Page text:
Interestingly, I'm currently listening to Kimono My House and have discovered something interesting - if I'd listened to it 6 months ago I would probably have dismissed it as camp, shallow, twee nonsense and never given it a second chance. However, since being introduced to some of Sparks more recent work and, through the magic of your blog, learning a bit more about 'the boys' and their sensibilities, I've been able to listen to Kimono from a different perspective. And you know what? I'm really liking it!

There are a ton of Sparks albums out there, all of which I'm going to gradually acquire and listen to. Thanks for making me more aware of who Sparks are. I owe you one.

Now, a cup of coffee, warm duvet and that Sparks DVD (once again lent to me by you) are calling me. Keep up the good work, chief.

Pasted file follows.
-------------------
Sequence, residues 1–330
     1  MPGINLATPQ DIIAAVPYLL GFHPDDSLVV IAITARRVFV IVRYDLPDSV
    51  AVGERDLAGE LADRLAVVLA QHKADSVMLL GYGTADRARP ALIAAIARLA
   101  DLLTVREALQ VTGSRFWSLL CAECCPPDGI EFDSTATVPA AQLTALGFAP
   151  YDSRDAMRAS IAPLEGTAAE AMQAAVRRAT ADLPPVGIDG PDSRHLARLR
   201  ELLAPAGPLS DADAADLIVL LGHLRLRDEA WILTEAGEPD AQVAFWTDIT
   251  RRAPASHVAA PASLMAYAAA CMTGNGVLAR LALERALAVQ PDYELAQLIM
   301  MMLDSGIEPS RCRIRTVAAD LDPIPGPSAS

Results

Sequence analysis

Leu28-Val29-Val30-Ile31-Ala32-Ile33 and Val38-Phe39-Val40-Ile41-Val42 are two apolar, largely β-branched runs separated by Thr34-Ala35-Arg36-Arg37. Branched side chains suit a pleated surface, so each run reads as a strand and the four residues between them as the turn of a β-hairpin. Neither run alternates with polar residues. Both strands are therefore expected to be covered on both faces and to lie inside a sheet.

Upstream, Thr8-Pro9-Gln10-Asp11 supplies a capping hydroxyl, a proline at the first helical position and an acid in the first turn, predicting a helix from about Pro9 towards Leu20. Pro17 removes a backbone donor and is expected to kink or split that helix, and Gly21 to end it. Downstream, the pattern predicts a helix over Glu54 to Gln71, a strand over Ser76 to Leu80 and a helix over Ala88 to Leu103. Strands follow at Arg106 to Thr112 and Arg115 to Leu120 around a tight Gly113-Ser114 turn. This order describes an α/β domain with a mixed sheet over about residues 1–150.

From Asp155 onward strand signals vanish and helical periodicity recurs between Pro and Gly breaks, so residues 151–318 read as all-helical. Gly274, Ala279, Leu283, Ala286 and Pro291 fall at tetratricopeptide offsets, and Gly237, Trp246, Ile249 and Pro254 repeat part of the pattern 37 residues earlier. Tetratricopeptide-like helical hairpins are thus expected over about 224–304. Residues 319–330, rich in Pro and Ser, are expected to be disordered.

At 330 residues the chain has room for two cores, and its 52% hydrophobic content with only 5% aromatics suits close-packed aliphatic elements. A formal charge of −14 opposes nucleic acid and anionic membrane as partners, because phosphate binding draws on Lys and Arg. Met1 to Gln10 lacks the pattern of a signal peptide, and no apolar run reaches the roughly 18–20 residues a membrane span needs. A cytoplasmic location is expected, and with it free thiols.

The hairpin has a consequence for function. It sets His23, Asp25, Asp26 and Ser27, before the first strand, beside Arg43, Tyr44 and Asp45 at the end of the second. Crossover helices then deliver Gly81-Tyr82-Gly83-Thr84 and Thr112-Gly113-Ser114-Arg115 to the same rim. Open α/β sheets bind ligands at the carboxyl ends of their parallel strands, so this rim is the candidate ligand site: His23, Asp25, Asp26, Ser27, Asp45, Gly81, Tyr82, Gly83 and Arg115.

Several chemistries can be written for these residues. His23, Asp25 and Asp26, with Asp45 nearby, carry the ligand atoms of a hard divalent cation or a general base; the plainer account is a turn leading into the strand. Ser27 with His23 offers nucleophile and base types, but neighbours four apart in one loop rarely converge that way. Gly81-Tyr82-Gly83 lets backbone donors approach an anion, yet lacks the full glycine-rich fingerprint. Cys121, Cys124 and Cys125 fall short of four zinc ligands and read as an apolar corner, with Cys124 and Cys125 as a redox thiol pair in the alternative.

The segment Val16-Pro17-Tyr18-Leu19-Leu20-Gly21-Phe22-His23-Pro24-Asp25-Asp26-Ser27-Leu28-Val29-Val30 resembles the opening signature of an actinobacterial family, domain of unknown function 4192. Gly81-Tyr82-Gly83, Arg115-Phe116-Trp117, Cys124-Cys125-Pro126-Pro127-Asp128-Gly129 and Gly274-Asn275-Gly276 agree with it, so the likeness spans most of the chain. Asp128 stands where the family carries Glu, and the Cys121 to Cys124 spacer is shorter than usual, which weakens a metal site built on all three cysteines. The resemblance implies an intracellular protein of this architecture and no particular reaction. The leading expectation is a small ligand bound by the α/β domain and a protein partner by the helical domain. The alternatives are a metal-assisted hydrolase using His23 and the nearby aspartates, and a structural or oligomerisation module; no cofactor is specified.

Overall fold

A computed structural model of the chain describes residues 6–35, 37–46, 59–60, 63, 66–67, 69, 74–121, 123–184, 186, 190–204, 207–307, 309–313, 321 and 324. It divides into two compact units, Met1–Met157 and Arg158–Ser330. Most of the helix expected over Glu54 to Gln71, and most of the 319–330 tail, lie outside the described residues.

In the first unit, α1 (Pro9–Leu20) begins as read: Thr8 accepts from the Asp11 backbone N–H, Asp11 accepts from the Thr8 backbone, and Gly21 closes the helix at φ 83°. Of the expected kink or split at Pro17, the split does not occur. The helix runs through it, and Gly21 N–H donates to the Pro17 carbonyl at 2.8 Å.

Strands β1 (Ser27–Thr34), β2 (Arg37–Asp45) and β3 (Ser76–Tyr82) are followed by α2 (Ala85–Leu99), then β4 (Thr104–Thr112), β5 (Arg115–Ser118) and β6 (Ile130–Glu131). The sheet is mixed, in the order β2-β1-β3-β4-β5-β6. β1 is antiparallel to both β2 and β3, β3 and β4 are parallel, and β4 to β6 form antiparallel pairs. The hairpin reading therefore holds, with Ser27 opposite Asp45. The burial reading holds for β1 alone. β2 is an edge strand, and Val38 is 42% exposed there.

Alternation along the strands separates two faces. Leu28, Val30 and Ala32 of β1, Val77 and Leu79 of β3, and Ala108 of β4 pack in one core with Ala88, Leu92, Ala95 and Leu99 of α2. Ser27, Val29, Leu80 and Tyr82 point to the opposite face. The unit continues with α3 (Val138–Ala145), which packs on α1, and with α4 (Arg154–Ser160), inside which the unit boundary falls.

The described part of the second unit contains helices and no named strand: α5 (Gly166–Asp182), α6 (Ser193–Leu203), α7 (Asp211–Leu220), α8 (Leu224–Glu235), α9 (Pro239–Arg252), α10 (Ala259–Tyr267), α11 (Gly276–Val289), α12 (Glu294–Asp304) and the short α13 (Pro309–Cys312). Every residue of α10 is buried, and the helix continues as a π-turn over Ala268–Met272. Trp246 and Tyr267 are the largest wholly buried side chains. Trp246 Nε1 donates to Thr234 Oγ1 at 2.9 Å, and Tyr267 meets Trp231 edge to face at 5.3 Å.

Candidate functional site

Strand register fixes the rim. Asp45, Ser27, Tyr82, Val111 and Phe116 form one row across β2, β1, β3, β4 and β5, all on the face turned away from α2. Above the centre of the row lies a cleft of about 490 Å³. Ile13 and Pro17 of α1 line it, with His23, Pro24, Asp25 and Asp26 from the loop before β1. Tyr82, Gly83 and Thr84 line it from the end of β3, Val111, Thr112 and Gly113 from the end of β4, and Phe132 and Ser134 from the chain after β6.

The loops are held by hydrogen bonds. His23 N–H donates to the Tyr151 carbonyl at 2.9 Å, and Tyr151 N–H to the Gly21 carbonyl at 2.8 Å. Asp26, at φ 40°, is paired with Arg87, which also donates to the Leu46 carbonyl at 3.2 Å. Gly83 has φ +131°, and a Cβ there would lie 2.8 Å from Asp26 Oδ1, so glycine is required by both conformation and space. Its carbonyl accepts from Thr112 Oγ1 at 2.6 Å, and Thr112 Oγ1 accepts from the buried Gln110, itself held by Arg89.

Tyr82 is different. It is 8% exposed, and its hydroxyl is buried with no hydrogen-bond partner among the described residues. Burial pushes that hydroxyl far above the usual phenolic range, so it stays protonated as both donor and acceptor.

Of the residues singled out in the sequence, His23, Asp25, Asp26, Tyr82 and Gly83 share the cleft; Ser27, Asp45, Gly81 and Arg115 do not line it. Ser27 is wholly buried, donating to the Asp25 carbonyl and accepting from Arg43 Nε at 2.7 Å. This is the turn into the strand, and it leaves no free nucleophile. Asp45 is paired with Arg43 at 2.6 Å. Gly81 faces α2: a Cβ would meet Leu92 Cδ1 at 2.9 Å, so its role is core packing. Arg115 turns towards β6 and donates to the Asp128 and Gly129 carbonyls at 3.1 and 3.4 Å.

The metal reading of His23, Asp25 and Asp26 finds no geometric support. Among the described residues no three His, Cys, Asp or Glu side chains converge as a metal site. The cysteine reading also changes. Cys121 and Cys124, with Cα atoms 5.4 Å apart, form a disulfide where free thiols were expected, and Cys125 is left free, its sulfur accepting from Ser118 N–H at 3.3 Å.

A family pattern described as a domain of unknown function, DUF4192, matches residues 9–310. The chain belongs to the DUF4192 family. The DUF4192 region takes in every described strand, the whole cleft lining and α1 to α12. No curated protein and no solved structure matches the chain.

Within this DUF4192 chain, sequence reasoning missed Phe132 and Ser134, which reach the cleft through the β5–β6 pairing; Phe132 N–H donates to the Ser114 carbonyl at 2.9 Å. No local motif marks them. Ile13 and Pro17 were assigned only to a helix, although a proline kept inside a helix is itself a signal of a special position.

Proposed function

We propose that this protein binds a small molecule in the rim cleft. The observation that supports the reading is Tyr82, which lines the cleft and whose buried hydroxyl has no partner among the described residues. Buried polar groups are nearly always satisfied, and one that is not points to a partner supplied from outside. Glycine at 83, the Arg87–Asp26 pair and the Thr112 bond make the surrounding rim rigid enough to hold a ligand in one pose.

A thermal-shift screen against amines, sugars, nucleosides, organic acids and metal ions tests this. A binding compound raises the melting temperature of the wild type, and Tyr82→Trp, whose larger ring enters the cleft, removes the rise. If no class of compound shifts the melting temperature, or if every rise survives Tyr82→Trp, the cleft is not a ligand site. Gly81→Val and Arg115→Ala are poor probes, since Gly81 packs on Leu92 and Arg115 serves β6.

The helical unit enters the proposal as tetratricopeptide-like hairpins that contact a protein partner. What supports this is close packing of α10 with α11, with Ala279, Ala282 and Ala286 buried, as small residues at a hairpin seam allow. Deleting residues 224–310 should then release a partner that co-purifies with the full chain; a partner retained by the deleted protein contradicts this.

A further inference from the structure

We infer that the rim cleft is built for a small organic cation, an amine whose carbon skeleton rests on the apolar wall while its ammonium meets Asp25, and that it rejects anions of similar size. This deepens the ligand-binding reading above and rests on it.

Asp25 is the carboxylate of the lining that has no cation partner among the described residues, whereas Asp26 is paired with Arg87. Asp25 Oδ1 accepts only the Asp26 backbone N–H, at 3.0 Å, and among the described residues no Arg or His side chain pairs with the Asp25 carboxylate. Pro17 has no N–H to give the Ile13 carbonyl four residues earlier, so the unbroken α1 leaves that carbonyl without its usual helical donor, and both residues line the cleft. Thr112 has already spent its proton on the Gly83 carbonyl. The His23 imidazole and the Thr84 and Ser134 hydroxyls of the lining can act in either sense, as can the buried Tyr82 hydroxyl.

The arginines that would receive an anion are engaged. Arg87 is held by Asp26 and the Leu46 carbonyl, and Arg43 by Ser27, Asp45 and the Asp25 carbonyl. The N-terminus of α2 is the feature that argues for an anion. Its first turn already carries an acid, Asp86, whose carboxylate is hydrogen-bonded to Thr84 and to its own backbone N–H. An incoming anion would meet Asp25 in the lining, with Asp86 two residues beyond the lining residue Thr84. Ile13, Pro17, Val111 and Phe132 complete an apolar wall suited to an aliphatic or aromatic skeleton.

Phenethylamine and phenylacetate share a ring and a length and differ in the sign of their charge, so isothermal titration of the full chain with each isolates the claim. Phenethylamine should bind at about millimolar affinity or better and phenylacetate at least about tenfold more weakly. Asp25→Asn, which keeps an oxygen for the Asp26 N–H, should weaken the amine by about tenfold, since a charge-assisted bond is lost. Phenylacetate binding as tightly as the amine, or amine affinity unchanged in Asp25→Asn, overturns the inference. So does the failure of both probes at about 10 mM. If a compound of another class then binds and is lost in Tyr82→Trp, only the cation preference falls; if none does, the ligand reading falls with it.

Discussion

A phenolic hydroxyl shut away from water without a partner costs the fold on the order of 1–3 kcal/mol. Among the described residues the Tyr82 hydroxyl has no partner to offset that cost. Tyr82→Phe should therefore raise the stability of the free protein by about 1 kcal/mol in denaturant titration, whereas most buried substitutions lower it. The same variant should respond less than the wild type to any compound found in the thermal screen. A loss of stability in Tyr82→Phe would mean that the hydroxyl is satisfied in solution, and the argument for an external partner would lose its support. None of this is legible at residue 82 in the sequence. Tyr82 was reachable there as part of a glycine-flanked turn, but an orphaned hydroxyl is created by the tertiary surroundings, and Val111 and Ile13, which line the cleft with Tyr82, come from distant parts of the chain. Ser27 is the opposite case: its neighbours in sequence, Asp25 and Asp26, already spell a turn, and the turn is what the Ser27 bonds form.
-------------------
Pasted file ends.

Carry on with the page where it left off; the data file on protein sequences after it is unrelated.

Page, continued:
Martin said...

Sounds like a fascinating night. You can't beat a bit of people watching to keep you entertained. Ain't it amazing how there's never a pistol and silencer handy when you really need one.

Piley said...

Thats great news Dan - I knew you'd 'get' it! Kimono is quite a jump from the recent works, but a classic none the less (it is often described as their greatest ever album). I like Propaganda (the follow up album) even more than Kimono, and until HYL's it was my all time favourite Sparks album.

As you say, there are loads of albums out there for you to discover... i kinda envy you in a way, hearing all that stuff for the first time!! What a treat!!! All 22 albums are pretty much winners too. Just the odd dip here and there, but nothing too serious. and even the 'not so good' even have redeaming features... ok,ok i'm a fan!!